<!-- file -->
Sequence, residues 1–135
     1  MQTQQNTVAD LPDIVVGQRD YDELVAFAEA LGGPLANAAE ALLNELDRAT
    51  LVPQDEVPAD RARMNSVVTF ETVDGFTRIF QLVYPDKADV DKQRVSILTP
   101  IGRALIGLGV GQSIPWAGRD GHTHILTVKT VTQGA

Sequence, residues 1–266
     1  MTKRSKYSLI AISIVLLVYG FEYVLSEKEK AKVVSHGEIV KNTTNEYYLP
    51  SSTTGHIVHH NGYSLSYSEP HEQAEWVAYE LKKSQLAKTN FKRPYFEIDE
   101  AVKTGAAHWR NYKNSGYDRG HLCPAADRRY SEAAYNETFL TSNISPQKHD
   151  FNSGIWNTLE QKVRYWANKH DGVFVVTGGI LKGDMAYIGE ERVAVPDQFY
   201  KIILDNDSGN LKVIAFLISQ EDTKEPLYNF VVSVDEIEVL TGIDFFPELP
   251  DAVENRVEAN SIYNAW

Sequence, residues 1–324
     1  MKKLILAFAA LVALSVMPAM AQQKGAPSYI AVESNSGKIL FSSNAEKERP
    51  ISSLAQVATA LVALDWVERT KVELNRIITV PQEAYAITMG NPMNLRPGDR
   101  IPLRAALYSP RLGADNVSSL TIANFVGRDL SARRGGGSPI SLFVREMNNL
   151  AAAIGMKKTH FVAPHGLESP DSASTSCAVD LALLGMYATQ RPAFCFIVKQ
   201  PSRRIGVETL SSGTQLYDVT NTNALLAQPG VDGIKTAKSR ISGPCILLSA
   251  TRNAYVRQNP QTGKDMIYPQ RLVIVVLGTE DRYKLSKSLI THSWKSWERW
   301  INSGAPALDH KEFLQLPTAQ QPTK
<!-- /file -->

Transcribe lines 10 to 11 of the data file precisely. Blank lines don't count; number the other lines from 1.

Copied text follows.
   201  KIILDNDSGN LKVIAFLISQ EDTKEPLYNF VVSVDEIEVL TGIDFFPELP
   251  DAVENRVEAN SIYNAW